While almost none of us will face what those first disciples faced, we will have moments when we do need words from Jesus. Whether in a conflict or in a hospital room, whether in a theological argument or in a home that just experienced loss, we will call upon Jesus and the Holy Spirit will give us the words of healing and hope, of light and life. When we turn to Jesus and call upon his power, we too will bear witness to our faith and to our Lord and Savior.

Our passage ends with one more word of hope – eternal hope. Jesus tells the disciples plainly, “They will put some of you to death”. He goes on to tell them that “not a hair… will perish”. The disciples will need to stand firm. By doing so they will gain life. Hardship and trial are difficult to endure in this life. But this life is not the end. Remain faithful, Jesus says, and the disciple will gain true life. One day they will walk with Jesus in eternity. May this be true for us as well. Each day may we bear witness to Jesus Christ, in the good and in the bad, so that we too may one day gain true life.

Prayer: Lord, whether in the good or in the bad, may all I do and say and think bear witness to you, my Savior. In me may others see you. Fill me with the words that bring hope and healing, light and love. Fill me with what you want others to hear and know this day and every day. Amen.


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The Embodiment

Reading: Jeremiah 31: 31-34

Verse 33: “I will put my law in their minds and write it on their hearts. I will be their God, and they will be my people”.

God is a God of perfect love. Through that perfect love we are forgiven and made new over and over again. We, humanity, are far from perfect. We struggle to always be faithful to God, breaking our relationship with God again and again. If we were involved in a relationship with a person that displayed these same dynamics, the relationship would end quickly. Thankfully, God is the God of perfect love.

In our reading from Jeremiah, God promises Israel that a new covenant is coming. A covenant is an absolute agreement. A covenant says I will keep my side of the agreement no matter what you do or do not do with your side. In the old covenant God said ‘I’ll love Israel whatever they do or do not do’. The nation of Israel pledged faithful obedience and love to God. At times the Israelites generally kept the covenant, but this was not their norm. Yet God still loved them and remained their God. A time came, however, when something new must come about. At the time of Jeremiah 31, the new birth was about 600 years away.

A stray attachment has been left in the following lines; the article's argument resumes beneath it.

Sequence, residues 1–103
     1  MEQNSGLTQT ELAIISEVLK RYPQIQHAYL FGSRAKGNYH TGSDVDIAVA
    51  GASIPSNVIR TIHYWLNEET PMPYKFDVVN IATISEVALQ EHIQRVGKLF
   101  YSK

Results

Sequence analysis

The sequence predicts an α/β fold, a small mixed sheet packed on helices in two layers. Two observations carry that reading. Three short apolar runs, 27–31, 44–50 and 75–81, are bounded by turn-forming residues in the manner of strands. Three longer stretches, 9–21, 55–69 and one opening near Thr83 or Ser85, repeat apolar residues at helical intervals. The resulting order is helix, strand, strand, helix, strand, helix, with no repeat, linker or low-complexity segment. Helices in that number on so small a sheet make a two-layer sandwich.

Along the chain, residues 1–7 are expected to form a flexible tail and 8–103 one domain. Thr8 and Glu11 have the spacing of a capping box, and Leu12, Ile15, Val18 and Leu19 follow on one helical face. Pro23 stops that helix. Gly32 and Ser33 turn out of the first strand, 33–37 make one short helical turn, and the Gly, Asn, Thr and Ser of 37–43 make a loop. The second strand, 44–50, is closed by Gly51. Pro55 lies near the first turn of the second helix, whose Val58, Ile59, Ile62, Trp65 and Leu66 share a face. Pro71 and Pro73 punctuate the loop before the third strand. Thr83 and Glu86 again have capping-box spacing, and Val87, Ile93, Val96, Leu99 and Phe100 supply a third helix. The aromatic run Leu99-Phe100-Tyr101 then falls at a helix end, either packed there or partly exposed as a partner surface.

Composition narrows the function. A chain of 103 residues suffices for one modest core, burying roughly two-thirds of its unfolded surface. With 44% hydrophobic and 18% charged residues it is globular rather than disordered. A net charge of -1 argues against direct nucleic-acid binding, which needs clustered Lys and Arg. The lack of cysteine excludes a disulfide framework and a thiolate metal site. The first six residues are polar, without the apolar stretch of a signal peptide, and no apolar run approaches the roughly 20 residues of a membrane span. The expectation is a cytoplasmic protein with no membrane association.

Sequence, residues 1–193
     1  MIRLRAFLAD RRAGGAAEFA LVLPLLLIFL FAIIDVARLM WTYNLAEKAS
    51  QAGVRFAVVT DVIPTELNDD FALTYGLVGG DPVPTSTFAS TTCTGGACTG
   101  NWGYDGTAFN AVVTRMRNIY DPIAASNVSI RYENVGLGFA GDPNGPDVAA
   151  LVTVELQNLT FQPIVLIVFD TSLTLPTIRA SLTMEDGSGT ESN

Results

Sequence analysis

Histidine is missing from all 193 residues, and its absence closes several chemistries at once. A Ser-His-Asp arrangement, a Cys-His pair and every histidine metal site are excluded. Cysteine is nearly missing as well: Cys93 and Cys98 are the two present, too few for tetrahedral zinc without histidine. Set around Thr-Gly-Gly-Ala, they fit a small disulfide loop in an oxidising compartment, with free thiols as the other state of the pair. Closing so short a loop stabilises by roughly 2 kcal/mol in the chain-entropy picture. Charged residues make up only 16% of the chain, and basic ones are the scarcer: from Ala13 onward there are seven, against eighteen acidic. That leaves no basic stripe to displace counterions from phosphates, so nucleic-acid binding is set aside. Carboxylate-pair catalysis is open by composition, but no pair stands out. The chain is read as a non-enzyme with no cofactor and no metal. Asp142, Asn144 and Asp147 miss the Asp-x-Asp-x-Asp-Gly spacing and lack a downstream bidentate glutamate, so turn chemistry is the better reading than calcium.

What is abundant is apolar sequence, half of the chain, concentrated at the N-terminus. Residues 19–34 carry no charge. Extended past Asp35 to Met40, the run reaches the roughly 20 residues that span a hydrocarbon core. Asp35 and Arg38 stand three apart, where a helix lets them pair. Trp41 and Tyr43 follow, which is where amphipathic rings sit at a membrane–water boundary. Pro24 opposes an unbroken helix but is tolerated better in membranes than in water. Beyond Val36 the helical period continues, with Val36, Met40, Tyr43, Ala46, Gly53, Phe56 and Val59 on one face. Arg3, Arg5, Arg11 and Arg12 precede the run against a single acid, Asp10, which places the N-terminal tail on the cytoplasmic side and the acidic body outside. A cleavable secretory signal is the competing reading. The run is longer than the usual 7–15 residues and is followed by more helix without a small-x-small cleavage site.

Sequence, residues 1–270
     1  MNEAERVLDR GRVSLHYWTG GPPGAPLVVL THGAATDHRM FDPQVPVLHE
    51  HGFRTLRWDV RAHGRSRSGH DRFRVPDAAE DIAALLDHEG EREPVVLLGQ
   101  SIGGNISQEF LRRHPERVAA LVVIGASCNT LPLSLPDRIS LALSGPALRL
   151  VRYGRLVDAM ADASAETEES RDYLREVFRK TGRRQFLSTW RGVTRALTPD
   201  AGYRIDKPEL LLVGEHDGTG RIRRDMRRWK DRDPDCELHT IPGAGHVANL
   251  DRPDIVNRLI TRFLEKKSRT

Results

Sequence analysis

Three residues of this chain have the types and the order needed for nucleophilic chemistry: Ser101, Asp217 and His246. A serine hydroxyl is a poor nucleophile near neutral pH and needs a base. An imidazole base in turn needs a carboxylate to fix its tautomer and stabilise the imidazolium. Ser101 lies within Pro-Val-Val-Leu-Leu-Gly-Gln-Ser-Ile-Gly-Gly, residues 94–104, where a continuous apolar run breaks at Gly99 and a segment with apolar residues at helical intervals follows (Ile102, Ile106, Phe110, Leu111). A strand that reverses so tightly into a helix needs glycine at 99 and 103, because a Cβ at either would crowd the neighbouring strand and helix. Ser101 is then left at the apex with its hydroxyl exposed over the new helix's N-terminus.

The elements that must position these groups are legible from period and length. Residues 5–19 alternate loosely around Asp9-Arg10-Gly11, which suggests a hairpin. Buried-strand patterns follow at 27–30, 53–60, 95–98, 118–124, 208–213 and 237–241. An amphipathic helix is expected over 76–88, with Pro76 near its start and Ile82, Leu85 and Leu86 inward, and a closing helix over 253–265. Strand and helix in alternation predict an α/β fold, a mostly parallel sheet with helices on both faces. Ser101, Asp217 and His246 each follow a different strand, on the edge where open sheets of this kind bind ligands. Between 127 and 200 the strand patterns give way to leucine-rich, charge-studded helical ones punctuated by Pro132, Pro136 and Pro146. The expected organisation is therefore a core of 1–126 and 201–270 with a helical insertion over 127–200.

The new covenant will be different. In verse 32 God reveals that the new will not be like the old. In the new covenant God declares, “I will put my law in their minds and write it on their hearts. I will be their God, and they will be my people”. The new will not be based on just the words on stone tablets or on scroll after scroll of parchment. Instead, it will first be lived out amongst humanity. Then, looking at Jesus, one will see what obedience to God looks like. Through Jesus’ example people will know what the intent of all the laws are: to love God with all that one is and to love neighbor just as Jesus loved us. But we do not just have an example. Believers in Jesus Christ also receive a deposit, a gift: the Holy Spirit. The embodiment of God’s laws and ways and love comes to reside in each of us. In verse 33, again God says, “I will put my law in their minds and write it on their hearts. I will be their God, and they will be my people”. God does so with the indwelling presence of the Holy Spirit. Thanks be to God!!

Prayer: Loving and forgiving God, I do not know where I would be without the presence of the Holy Spirit. Yes, I read and meditate on your word. I pray daily and worship regularly. But the whisper or the nudge is that first line of defense – leading, guiding, correcting, convicting. Thank you for this awesome gift! Amen.


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Assurance and Hope

Reading: Psalm 91: 14-16

Verse 14: “Because he loves me”, says the Lord, “I will rescue him; I will protect him, for he acknowledges my name”.